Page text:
Gaitrie Persaud-Killings on Deaf Theatre

Gaitrie Persaud-Killings is shown performing ASL translation for a musical performance.

Gaitrie Persaud-Killings performing live ASL translation during a concert.

I began my journey into theatre when Sage Lovell, the founder of Deaf Spectrum (a Toronto-based company aimed at finding opportunities for Canadian Deaf artists and promoting accessible ASL events), recognized my talent and supported my involvement in a play. This ignited my passion for performance, and, since then,¬†I have had a wide range of experiences in theatre, film, and television. Working as a Deaf performer in Toronto’s theatre scene has been challenging, but rewarding, and has shaped me into the professional artist I am today.

Gaitrie Persaud-Killings as news anchor Arianna Salara and Graham Kent as news anchor Grant Gew√ľrtztraminer are shown sitting at a television news desk.

Gaitrie Persaud-Killings as news anchor Arianna Salara and Graham Kent as news anchor Grant Gew√ľrtztraminer during the filming of The Squeaky Wheel: Canada.

I currently portray Simmi on CBC Gem’s Silly Paws. This short-form series is an initiative led by CBC Kids and CBC Accessibility to provide ASL content to Deaf children and their families.¬†I also act in Accessible Media Inc.‚Äôs satirical half-hour news program The Squeaky Wheel: Canada as the lead anchor Arianna Salara. The series premieres on June 24. Before that, I‚Äôll be performing in The Finale at Luminato in the Square on June 16. It takes place all day in Toronto‚Äôs David Pecaut Square, it‚Äôs free, and there will be concerts by Measha Brueggergosman-Lee, Haviah Mighty, and Big Freedia, among others. I will be interpreting music and performing Stheno‚Äôs Broken Curse alongside my daughter Aria and the actor Jaideep Goray.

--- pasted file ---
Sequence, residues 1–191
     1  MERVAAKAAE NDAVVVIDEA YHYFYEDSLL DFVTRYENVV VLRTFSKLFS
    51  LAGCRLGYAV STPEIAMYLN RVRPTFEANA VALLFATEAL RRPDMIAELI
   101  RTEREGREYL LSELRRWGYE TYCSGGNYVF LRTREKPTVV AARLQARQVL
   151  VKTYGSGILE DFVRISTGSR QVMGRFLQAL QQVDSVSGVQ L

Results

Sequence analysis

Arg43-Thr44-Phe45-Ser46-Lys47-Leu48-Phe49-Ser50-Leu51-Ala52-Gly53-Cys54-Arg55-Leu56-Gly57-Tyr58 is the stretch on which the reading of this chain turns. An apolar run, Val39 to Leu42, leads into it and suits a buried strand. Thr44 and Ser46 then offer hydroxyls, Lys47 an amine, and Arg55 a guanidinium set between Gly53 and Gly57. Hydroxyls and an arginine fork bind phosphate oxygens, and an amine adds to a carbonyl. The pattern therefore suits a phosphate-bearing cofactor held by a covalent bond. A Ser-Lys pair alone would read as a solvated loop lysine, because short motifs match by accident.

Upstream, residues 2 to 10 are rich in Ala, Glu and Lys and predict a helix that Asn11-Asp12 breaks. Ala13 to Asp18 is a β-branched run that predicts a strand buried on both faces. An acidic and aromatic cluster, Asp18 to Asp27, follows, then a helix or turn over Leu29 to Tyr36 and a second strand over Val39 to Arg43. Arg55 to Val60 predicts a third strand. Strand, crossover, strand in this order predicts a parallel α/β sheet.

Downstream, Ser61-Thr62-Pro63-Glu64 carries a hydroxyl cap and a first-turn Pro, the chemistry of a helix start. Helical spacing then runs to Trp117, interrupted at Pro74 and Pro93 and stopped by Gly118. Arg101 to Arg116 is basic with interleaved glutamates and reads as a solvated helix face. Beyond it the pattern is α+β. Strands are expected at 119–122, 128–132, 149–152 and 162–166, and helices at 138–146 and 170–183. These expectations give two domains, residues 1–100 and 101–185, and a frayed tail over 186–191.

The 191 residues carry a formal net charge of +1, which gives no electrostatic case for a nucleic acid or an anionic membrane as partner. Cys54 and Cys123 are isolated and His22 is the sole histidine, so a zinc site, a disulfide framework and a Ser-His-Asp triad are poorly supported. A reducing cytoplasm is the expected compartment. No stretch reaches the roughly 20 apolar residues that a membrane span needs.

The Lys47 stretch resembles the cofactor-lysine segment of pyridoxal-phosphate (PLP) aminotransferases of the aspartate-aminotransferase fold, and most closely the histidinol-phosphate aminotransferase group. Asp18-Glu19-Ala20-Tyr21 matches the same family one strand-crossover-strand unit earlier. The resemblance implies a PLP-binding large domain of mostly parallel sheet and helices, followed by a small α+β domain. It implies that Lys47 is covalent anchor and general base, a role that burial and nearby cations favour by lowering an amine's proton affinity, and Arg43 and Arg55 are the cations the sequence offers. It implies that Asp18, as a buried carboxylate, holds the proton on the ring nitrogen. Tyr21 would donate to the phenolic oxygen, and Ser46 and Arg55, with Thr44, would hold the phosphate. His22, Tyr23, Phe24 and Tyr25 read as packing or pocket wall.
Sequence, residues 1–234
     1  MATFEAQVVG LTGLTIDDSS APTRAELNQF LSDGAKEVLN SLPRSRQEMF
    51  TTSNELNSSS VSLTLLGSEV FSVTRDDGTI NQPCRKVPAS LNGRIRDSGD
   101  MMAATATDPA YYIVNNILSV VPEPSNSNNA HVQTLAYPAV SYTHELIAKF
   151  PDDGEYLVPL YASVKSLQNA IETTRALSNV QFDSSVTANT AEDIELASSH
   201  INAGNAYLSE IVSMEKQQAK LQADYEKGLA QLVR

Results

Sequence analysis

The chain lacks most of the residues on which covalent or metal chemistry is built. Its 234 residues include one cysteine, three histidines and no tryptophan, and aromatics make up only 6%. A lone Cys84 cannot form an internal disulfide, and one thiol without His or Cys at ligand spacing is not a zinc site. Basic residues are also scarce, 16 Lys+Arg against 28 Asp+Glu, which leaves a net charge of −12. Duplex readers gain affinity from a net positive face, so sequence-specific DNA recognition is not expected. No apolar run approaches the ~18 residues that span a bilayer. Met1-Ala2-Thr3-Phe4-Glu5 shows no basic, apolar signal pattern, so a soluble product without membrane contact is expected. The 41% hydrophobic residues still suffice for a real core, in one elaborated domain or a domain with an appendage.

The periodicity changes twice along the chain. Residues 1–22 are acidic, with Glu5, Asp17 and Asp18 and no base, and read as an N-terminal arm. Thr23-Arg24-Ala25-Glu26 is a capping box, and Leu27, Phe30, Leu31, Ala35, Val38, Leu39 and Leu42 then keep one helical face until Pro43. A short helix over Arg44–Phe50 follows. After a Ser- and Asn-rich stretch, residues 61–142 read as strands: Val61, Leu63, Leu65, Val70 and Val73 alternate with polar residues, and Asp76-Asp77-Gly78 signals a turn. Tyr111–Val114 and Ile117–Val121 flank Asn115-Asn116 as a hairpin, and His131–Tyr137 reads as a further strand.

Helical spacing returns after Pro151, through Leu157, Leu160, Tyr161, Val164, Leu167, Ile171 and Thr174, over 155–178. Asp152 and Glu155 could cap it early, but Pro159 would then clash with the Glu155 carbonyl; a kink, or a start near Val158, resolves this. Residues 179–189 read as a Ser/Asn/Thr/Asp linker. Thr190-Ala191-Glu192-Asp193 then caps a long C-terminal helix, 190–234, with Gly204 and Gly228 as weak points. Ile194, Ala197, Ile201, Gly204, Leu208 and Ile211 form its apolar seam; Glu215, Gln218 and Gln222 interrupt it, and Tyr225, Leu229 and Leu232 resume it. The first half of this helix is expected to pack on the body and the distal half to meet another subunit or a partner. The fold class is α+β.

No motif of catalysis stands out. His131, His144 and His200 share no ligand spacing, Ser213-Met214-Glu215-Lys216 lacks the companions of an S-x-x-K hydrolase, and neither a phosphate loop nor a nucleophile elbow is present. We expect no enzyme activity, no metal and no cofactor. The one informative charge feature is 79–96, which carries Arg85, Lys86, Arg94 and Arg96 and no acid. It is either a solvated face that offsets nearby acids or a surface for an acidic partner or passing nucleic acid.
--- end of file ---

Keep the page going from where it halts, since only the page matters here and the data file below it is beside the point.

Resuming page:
Gaitrie Persaud-Killings directs a group of masked actors in a performance of The Red Rose Bleeds.

Gaitrie Persaud-Killings directs a group of masked actors in a performance of The Red Rose Bleeds.

Another one of my current projects is a piece titled Spitting the Lens that uses Commedia dell’arte to facilitate a collaboration between hearing and Deaf actors. Additionally, I am developing the play The Red Rose Bleeds, which is centered on a Deaf and wealthy female serial killer who targets child molesters and rapists. It was presented at the SOUND OFF Deaf theatre festival (in collaboration with Edmonton‚Äôs Fringe Theatre Adventures) this past March. In addition to all that, I have many other hats to fill on an ongoing basis: I am a Deaf music performer, ASL coach, writer, director, Deaf consultant, and actress.

Gaitrie Persaud-Killings and a group of actors in Commedia dell'arte masks pose for a spontaneous picture.

Gaitrie Persaud-Killings and actors rehearse The Red Rose Bleeds.

As a Deaf artist and consultant, I have been part of the Luminato Festival Toronto’s Access Advisory Group this year. My involvement has allowed me to nurture new talents, enhance accessibility for the Deaf community, and further develop my leadership qualities.¬†My participation in this international arts festival includes a collaboration between my company, Phoenix The Fire, and the Disability Collective, an entirely disability-led performing arts organization in Toronto. During the pandemic, I established Phoenix The Fire to support Deaf artists facing barriers. We provide ASL interpretation services in music, theatre, and film, offer Deaf plays and workshops, employ Deaf consultants and ASL coaches, and empower Deaf artists across various roles. A good ASL theatre or film interpreter effectively removes communication barriers to ensure that the Deaf community can engage meaningfully with the content on stage or screen.¬†Theatre companies or filmmakers in need of ASL interpretation should persevere in making their productions accessible and match their dedication and passion for creation with their desire for inclusion.

Gaitrie Persaud-Killings in a red and orange costume kneels before her daughter Aria in a performance of Stheno's Broken Curse.

Gaitrie Persaud-Killings and her daughter Aria in a performance of Stheno’s Broken Curse.

Phoenix The Fire is always seeking new talent and advocating for the production of more Deaf plays to create additional opportunities for Deaf performers. As for further steps towards making theatre more inclusive and accessible, there is the need for greater representation, more extensive and comprehensive accessibility accommodations, better training for practitioners, and ongoing advocacy efforts within the theatre community. A good example of this is to support Deaf-led, artist-run businesses!